With the state’s weather, southern AZ has fewer flies, gnats, and mosquitoes that you need to deal with. However, this isn’t true for the northern communities because they’re high up in the mountains, one of the most common habitats of insects.
8. Beautiful Scenery
One of the things Arizona is famous for is its breathtaking sunsets and sunrises that everyone surely enjoys seeing and taking a photograph of. Not only that, but it has several scenic highways and amazing mountain ranges. Outdoor adventurers will also enjoy the scenic hiking and biking destinations and lakes they can visit across the state.
9. Several Activities to Do
What makes retiring in Arizona even better is that you won’t run out of activities to do and enjoy. From cultural and outdoor activities to sports and dining out, you can think of several ways to rest and relax alone or with your partner, friends, or family.
10. Easy-to-Find Places
As we age, our memory starts to decline, whether or not we have mentally related medical conditions. The good thing about AZ is that they name their streets using a standard development grid.
Finding your way back home or where you’re going would be easy. Family members can also easily locate a relative or friend who gets lost as long as they know what road they’re in. Even the state’s highways use this system, so it’s easy to navigate and reach tourist attractions and other places you want to visit or go to.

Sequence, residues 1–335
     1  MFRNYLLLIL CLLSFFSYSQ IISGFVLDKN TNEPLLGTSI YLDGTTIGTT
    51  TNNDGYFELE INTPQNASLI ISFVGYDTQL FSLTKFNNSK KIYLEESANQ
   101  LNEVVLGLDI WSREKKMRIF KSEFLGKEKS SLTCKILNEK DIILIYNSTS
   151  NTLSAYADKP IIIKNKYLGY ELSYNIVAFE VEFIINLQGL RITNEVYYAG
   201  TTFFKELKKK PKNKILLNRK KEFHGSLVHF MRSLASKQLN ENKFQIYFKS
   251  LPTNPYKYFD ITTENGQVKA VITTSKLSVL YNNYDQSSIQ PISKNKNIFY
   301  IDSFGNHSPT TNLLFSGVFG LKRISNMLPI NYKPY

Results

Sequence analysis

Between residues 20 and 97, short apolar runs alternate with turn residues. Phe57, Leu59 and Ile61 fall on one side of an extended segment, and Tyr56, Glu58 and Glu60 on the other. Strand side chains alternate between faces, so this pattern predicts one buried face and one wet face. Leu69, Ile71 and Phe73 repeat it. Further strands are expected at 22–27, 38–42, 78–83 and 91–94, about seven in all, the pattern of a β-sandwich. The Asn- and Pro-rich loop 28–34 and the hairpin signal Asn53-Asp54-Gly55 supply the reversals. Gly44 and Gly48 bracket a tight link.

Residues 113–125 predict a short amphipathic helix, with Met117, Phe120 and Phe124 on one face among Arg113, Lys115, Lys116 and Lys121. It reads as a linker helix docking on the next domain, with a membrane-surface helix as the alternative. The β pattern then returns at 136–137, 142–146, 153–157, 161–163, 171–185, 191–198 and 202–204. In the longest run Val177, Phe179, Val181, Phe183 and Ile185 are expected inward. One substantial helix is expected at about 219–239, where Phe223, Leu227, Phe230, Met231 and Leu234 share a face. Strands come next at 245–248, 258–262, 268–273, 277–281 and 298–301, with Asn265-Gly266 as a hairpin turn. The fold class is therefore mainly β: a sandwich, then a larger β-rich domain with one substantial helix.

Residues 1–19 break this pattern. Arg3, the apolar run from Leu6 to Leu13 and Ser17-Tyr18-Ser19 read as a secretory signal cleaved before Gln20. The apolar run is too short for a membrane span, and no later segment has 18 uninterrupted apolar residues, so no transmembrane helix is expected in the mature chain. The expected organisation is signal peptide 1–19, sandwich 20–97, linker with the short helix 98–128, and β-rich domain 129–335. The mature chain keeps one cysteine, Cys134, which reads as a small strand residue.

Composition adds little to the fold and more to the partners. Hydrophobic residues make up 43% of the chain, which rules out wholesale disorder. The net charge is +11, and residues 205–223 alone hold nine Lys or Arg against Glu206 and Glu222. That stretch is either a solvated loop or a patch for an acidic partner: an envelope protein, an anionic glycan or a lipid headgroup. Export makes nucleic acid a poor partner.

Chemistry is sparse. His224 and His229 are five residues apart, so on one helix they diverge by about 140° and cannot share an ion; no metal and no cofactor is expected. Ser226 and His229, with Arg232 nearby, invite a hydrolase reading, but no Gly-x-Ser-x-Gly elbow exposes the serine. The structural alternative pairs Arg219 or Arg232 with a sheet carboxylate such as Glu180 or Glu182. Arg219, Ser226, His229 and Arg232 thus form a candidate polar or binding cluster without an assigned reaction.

6 Drawbacks to Retiring in Arizona
Like with any state in any country, there are some cons to living in Arizona, namely:
- Transportation Cost
- High Crime Rate
- Sunny Weather and Climate
- Air Pollution
- Need to Deal With Wild Animals
- Prone to Natural Disasters
1. Transportation Cost
While the overall average cost of living in Arizona is low, transportation is close to being expensive. One reason is that the state imposes a high tax on gas, compensating for the fewer tax burdens for retirees, its employed locals, and business operators.
Nonetheless, most cities have an excellent bus system that will cost you around four to six dollars. Even better, commuting from point A to point B, whether you use your own car or ride public transportation, won’t take a few hours of your time.
2. High Crime Rate
While the crime rate in most states continues to increase, Arizona still has a higher crime rate than the national average. However, keep in mind that the pockets of crimes in the state’s major cities significantly contribute to this number. There are still many rural and urban areas in AZ with low crime rates, such as Oro Valley and Buckeye.
3. Sunny Weather and Climate